Cassella v. Mineral Park, Inc.

Filing 105

ORDER signed by Judge Mary H Murguia on 7/20/10 re: potential cap to compensatory and punitive damages. IT IS HEREBY ORDERED that any Party wishing to invoke the damage cap under 42 U.S.C. § 1981a(b)(3) must do so in a post-trial motion.(KSP)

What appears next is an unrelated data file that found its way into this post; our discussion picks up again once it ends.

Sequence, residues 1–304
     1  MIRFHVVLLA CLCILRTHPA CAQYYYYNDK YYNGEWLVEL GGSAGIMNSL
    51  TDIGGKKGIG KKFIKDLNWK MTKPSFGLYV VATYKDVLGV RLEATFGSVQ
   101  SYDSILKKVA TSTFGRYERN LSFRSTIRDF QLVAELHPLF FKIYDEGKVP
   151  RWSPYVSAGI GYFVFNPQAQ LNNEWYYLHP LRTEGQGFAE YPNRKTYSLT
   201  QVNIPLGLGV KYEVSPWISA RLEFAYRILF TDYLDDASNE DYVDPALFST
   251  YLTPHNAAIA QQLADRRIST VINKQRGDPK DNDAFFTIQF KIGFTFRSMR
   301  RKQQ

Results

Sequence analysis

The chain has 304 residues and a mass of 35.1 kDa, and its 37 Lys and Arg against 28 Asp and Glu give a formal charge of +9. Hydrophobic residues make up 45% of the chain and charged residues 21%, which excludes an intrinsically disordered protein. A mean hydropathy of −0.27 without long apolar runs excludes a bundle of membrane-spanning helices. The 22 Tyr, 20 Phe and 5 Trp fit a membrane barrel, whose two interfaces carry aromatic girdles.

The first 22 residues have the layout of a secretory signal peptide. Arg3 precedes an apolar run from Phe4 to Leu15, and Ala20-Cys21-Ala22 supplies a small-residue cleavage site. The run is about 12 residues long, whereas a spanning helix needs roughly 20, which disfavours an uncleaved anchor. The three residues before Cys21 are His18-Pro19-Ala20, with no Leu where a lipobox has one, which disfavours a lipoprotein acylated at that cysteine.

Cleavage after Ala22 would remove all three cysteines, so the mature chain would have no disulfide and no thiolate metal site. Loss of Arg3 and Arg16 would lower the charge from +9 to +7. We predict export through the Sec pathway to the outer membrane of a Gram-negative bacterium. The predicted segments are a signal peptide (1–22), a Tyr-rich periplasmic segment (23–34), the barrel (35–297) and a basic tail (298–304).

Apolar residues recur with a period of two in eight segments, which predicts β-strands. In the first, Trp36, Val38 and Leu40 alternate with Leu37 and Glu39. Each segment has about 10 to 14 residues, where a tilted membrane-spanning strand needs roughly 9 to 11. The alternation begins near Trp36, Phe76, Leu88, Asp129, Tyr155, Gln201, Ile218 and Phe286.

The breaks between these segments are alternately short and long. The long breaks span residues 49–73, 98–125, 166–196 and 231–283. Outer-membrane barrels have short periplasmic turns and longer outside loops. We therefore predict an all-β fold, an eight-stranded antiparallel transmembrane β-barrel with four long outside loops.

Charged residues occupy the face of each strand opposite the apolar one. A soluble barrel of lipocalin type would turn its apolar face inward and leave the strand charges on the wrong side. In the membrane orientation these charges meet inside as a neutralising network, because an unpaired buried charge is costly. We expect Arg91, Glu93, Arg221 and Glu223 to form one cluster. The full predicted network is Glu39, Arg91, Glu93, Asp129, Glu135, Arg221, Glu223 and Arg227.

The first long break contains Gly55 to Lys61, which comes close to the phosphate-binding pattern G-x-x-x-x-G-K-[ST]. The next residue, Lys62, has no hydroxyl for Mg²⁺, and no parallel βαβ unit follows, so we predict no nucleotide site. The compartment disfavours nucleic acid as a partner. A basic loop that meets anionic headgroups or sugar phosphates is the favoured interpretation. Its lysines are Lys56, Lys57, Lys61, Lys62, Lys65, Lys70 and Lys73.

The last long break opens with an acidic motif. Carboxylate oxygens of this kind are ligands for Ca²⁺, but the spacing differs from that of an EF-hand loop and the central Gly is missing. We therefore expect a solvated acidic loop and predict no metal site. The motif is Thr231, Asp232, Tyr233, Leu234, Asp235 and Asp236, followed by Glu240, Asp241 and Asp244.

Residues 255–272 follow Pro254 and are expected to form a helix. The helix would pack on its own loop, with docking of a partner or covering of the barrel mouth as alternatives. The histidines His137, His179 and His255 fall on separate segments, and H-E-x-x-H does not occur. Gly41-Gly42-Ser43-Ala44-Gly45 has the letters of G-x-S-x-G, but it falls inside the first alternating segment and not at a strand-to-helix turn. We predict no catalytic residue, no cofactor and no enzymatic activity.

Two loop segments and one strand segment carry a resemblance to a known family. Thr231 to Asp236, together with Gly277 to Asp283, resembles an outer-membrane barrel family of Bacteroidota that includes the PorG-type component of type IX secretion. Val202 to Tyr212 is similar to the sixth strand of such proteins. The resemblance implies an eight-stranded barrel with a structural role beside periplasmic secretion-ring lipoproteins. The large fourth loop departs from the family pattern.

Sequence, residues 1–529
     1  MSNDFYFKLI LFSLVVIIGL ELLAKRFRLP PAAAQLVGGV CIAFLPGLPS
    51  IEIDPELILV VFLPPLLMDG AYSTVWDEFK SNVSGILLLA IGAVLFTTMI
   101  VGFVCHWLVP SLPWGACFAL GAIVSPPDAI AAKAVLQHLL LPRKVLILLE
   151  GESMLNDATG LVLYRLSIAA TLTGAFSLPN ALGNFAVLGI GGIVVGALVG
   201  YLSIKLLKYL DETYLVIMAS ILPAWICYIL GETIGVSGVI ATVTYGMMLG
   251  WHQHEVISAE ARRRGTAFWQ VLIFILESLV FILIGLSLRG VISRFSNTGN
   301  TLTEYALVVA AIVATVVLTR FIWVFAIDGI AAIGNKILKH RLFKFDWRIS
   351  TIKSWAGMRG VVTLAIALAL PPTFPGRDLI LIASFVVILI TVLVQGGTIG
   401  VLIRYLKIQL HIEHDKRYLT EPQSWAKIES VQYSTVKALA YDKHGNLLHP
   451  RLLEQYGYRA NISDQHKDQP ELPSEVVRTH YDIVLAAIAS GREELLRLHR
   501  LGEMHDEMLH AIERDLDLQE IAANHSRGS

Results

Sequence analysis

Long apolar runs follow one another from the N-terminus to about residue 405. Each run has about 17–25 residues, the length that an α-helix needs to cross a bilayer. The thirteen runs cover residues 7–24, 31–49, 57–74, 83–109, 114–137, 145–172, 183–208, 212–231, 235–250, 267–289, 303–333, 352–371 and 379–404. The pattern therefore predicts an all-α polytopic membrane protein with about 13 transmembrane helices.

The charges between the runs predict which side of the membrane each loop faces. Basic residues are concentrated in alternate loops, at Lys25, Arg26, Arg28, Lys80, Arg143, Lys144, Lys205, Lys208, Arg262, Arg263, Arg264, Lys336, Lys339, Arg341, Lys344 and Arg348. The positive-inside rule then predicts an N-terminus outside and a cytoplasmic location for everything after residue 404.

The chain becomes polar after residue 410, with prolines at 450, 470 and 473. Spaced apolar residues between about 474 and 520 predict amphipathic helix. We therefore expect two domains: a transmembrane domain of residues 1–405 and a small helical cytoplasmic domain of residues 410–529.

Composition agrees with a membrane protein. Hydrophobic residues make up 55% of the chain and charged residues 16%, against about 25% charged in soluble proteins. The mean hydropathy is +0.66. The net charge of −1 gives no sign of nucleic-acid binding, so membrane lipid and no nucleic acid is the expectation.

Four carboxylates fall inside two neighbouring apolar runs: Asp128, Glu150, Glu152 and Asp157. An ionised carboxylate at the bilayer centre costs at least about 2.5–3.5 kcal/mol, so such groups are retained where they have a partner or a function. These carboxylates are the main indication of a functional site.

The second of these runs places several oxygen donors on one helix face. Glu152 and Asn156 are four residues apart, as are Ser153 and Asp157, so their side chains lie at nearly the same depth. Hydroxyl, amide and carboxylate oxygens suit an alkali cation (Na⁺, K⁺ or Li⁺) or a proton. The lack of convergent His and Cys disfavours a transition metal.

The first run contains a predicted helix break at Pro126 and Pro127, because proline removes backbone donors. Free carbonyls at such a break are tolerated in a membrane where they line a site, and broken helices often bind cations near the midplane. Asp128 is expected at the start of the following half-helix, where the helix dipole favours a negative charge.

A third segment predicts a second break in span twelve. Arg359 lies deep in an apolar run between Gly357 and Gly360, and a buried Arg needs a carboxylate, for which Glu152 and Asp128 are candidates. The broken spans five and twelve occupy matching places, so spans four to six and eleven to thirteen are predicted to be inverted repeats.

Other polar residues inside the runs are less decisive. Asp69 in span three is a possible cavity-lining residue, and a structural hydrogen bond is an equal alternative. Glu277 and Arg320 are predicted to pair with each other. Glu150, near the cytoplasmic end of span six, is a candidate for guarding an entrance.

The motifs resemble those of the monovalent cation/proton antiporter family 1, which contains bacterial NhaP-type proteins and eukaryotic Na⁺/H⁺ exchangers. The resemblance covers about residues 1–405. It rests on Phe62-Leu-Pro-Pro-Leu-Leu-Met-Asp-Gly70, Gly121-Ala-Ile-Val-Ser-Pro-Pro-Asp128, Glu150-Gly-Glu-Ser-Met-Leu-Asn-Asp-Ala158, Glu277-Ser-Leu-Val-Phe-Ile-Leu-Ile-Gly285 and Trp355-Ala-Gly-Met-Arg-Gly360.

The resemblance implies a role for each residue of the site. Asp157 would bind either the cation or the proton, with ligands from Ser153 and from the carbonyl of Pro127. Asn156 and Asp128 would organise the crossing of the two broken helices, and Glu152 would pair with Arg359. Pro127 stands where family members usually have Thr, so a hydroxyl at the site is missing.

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Cassella v. Mineral Park, Inc. Doc. 105 1 2 3 4 5 6 7 8 9 10 11 12 13 14 15 16 17 18 19 20 21 22 23 24 25 26 27 28 WO IN THE UNITED STATES DISTRICT COURT FOR THE DISTRICT OF ARIZONA Judy Cassella, Plaintiff, vs. Mineral Park, Inc., Defendant. ) ) ) ) ) ) ) ) ) ) ) ) No. CV 08-1196-PCT-MHM ORDER The Court is in receipt of the trial memoranda submitted by each party concerning a potential cap to compensatory and punitive damages. As the Parties know, pursuant to 42 U.S.C. 1981a(b)(3), compensatory and punitive damages in employment discrimination cases are capped based on the number of persons employed by the defendant. In its memo, Defendant requests that this Court find that Mineral Park employed fifty-nine (59) people during the relevant time period1 and, as a result, cap Plaintiff's damages at $50,000.00 See 42 U.S.C. 1981a(b)(3)(A) (stating that In its Summary Judgment Order, the Court also noted that the Parties had not sufficiently briefed the meaning of "current or preceding calendar year." In its memorandum, Defendant points to authority demonstrating that "[c]ourts consistently have held that the phrase `current calendar year' refers to the year in which the alleged discrimination occurred." Komorowski v. Townline Mini-Mart & Restaurant, 162 F.3d 962, 965 (7th Cir. 1998) (citing Slack v. Havens, 522 F.2d 1091, 1093 (9th Cir. 1975)). This Court, therefore, adopts that definition and will apply it in this case. 1 Dockets.Justia.com 1 2 3 4 5 6 7 8 9 10 11 12 13 14 15 16 17 18 19 20 21 22 23 24 25 26 27 28 "in the case of a respondent who has more than 14 and fewer than 101 employees in each of 20 or more calendar weeks in the current or preceding calendar year, [damages are capped at] $50,000 "). In her memo, Plaintiff argues that Defendant has waived its right to invoke the damages cap because it has not produced evidence in compliance with the discovery rules that demonstrates the number of people employed by Mineral Park during the relevant time period. In its Summary Judgment Order, the Court addressed similar arguments, as Defendant moved for summary judgment on this exact issue. (Doc. 85). The Court held that Defendant had not waived its right to invoke the cap on damages, but that it had failed to produce sufficient evidence for the Court to rule in its favor at summary judgment. (Id. at 16). The Court also stated that the issue of how many people worked for Defendant during the relative time period would be a question for the jury. (Id.). Having reviewed the Parties new memos and the relevant authority, the Court reaffirms its previous holding that Defendant has not waived its right to invoke the damages cap. Congress included a damage cap in Title VII for a reason, and Plaintiff has not produced countervailing authority suggesting that its application can be waived. In light of a closer review of the statute and applicable case law, the Court will, however, reverse its previous position concerning the role of the jury in applying the damage cap. The damagecap statute explicitly states the "the court shall not inform the jury of the [damage cap]." 42 U.S.C. 1981a(c)(2). Additionally, the Court, not the jury, must determine the number of employees employed by the Defendant. Smith v. Norwest Fin. Wyo., 964 F. Supp. 327, 330 (D. Wyo. 1996) ("[B]ecause the number of employees and the law about the statutory caps is not submitted to the jury, Defendants had no duty to present this evidence at trial."). That being said, the Court declines to make a definitive ruling on the damage cap prior to trial. Instead, it will consider the issue of the damage cap in the form of a post-trial motion. Id. ("Paring down the verdict subject to Title VII's damage ceilings is proper on post trial motion.") (citing Sasaki v. Class, 92 F.3d 232, 236 (4th Cir. 1996); Hogan v. Bangor & Aroostook R.R. Co., 61 F.3d 1034, 1037 (1st Cir. 1995)); see also EEOC v. Moser Foods, -2- 1 2 3 4 5 6 7 8 9 10 11 12 13 14 15 16 17 18 19 20 21 22 23 24 25 26 27 28 1997 U.S. Dist. LEXIS 19798, *8 (D. Ariz. Nov. 7, 1997) (applying the damage cap on posttrial motion).2 At that time, the Court will decide if the evidence in the record is sufficient to make a determination concerning number of persons employed by Mineral Park during the current or proceeding year, or if an evidentiary hearing and short period of discovery is both necessary and proper to resolve the issue. The Court would appreciate, however, if the Parties could make an attempt to resolve this issue on their own, as it suspects that number of persons employed during the relevant time period is a set figure and not really subject to any meaningful dispute. Accordingly IT IS HEREBY ORDERED that any Party wishing to invoke the damage cap under 42 U.S.C. 1981a(b)(3) must do so in a post-trial motion. DATED this 20th day of July, 2010. It appears from Defendant's memorandum that Defendant attempts to blame Plaintiff for the current dispute by pointing out that Plaintiff did not file a motion to compel an answer to her interrogatory question on the subject, and that Plaintiff did not or ask questions about the number of persons employed by Mineral Park during depositions. This line of argument is puzzling, as it is Defendant, not Plaintiff, that seeks to evoke the protection of the damage cap. Given that Defendant is the only party that might benefit from application of the damage cap, the Court can think of no reason why Defendant chose not to formally disclose this information on its own accord during the discovery period. -3- 2

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